If you’re a man reading this story, you might have a horrified expression and a protective hand guarding your crotch right about now. Your penis wasn’t meant to be penetrated, right? In fact, quite the opposite. So how could my patient tolerate such a violation of his manhood? And why on earth would I write about it?
We all know that the penis is a timeless icon of human power and virility. A whole culture of male lore surrounds this famous appendage. It is the stuff of poetry, of architecture, of war and civilization, of life and death. The penis, in all of its symbolic might, is a fundamental feature of human existence. This is because of its vital role in sex, which is something I hear people like to do from time to time.
And yet, at the end of the day, when you’re old and fighting the inevitable physical decline of age, you’ll be reminded of that other penile function, the one that doesn’t involve the grit and glory of male sexuality. When you’re standing over the toilet, straining with that characteristic “stop and go” urinary hesitancy that so many men suffer, you’ll develop a greater appreciation for your little guy’s role in urination. You may even wake up one day and find that you’ve become more concerned with passing urine than with sex. And no one would blame you. Because, let’s face it, no man wants to have a trembling young nurse shove a rubber tube up his penis just so he can relieve his bladder.
V.19 No.22 | 6/3/2010
Whitny Doyle, RN
Seduction of a Nurse
By Whitny Doyle, RN
V.19 No.21 | 5/27/2010
Vitals and Bits #3: The Appendix
By Whitny Doyle, RN [ Fri May 21 2010 11:48 AM ]
At the beginning of each new shift, certain members of the hospital staff will receive a pair of freshly laundered scrubs to wear while working. If you’re one of the lucky ones, you’ll be handed a pair of ancient scrubs that have been laundered a billion times. Over time, the unforgiving hospital washing machines pulverize the stiff green scrub material to unbelievably soft oblivion. Old scrubs that are nearing retirement are much more comfortable and better fitting than the awkwardly crisp new scrubs. They’re like a treasured, paper-thin vintage tee shirt. Unfortunately, just like a perfect vintage tee, the ideal pair of worn scrubs is a pretty rare find.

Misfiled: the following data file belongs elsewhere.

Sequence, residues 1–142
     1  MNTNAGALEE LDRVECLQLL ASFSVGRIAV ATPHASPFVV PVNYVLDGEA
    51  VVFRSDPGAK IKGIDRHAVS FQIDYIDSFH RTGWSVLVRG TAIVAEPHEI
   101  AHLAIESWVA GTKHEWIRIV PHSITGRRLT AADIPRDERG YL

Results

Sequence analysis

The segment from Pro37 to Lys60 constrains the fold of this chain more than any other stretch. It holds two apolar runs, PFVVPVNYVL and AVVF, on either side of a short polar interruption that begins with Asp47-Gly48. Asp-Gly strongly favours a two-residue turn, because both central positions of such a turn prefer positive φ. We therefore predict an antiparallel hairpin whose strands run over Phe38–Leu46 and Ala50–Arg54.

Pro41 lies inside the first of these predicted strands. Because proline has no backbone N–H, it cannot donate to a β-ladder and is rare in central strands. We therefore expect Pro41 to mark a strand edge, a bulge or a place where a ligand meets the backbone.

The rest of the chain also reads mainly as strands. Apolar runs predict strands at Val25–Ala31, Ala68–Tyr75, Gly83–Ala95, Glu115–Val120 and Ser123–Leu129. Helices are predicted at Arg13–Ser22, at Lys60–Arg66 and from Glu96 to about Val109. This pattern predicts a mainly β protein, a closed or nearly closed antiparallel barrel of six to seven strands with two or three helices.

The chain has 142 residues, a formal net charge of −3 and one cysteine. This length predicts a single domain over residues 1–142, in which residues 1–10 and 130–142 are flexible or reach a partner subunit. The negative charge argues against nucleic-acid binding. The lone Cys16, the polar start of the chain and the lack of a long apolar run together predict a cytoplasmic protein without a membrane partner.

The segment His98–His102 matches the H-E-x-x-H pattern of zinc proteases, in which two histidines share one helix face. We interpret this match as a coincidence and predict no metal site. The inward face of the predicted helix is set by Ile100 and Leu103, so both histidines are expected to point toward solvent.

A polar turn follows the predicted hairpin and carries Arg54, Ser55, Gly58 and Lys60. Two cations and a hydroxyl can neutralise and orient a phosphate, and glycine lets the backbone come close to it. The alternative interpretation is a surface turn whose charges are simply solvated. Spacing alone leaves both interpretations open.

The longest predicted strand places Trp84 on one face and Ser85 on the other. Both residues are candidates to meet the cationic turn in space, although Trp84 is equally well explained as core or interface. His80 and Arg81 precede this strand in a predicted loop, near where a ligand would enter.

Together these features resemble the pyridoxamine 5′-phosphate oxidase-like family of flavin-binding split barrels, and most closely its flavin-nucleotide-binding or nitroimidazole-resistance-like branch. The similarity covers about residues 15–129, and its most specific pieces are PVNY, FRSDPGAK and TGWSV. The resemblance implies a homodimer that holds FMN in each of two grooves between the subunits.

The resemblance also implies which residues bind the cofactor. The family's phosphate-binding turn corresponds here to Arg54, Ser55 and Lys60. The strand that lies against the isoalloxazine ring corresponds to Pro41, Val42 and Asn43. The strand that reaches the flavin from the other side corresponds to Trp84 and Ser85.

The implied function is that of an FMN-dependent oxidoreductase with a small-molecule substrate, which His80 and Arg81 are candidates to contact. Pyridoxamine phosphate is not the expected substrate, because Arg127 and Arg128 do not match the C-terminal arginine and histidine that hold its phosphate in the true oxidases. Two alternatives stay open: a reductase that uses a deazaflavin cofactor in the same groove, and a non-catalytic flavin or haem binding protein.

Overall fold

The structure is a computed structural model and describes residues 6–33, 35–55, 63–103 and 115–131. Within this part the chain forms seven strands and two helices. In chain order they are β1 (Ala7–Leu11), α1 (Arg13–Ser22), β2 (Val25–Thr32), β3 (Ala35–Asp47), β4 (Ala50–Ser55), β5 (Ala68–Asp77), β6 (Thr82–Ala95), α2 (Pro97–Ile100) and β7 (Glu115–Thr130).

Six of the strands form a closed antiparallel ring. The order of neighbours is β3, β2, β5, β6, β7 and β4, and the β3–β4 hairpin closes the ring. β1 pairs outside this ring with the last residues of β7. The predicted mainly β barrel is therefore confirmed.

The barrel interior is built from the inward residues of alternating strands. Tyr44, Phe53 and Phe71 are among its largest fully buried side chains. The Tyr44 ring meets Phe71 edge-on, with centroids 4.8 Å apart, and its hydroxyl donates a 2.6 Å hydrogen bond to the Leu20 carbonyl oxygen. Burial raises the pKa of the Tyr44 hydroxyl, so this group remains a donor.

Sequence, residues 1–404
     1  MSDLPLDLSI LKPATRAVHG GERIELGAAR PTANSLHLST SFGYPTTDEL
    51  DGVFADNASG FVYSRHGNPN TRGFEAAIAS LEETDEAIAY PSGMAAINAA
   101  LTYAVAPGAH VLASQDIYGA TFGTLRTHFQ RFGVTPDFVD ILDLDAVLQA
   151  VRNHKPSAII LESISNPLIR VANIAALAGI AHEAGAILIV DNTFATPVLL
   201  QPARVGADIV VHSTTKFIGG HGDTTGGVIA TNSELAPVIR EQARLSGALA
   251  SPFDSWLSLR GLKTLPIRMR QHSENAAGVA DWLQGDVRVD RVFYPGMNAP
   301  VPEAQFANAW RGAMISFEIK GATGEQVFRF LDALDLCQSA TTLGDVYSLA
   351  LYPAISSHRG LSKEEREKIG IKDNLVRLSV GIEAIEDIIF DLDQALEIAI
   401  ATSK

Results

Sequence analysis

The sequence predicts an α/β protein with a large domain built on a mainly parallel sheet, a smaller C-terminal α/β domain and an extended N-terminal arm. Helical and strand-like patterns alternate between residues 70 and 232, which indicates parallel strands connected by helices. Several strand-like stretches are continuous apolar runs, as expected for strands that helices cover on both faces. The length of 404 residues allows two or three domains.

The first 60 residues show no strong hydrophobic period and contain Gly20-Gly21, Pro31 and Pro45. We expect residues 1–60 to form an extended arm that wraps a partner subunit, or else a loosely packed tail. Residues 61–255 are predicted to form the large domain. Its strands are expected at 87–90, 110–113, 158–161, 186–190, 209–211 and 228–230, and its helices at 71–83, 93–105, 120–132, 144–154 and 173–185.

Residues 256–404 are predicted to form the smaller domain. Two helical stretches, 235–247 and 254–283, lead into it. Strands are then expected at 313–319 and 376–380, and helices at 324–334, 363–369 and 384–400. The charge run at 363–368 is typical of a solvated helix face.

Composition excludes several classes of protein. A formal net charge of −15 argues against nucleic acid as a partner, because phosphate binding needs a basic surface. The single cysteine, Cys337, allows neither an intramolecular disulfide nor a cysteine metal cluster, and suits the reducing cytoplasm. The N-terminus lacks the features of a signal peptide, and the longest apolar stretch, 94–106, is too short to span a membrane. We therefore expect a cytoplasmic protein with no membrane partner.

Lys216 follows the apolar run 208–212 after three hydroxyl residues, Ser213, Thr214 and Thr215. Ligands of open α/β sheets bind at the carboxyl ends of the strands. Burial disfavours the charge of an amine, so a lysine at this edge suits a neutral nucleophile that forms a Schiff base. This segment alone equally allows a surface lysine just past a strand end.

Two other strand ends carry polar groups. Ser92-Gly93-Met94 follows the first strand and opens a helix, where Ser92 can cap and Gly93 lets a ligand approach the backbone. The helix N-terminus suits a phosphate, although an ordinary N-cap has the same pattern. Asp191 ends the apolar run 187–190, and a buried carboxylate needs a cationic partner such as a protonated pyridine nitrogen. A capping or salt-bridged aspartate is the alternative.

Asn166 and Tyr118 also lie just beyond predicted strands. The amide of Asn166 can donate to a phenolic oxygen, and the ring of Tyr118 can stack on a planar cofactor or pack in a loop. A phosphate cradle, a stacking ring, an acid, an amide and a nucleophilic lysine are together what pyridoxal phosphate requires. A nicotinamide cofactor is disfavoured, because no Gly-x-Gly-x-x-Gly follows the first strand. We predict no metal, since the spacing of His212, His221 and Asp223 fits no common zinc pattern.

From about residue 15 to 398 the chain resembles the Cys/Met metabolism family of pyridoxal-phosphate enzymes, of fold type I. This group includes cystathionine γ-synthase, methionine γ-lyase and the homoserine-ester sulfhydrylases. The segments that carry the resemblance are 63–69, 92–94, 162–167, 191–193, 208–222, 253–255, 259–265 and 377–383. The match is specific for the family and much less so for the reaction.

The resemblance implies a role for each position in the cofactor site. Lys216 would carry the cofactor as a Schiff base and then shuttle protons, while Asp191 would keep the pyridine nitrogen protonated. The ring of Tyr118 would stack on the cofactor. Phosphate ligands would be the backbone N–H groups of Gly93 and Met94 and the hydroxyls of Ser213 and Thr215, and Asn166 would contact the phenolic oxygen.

One night while I was working night shift in the newborn nursery, I noticed that one of my favorite pediatric residents had managed to get his hands on a pair of the old soft scrubs. The thing about the soft scrubs, though, is the decades of laundering have also shrunk them to about three quarters of their previous size. My resident, who we shall henceforth refer to as Dr. Abs, kept tugging at the hem of his shrunken scrub top, since it was an inch or so too small for him.
Like many residents, Dr. Abs liked to pass the time during a slow night shift by telling dirty jokes with us at the nurses’ station. That night, around 3:30 a.m., Dr. Abs succumbed to a fit of yawning after delivering the punch line to some filthy joke about Tipper Gore. As he yawned, he raised his arms over his head and the hem of his short scrub top untucked itself and traveled northwards. The five nurses hanging around the desk were held spellbound for the few brief seconds that his bare, toned abdomen revealed itself. I couldn’t help but notice a finger-length scar on his lower right abdomen.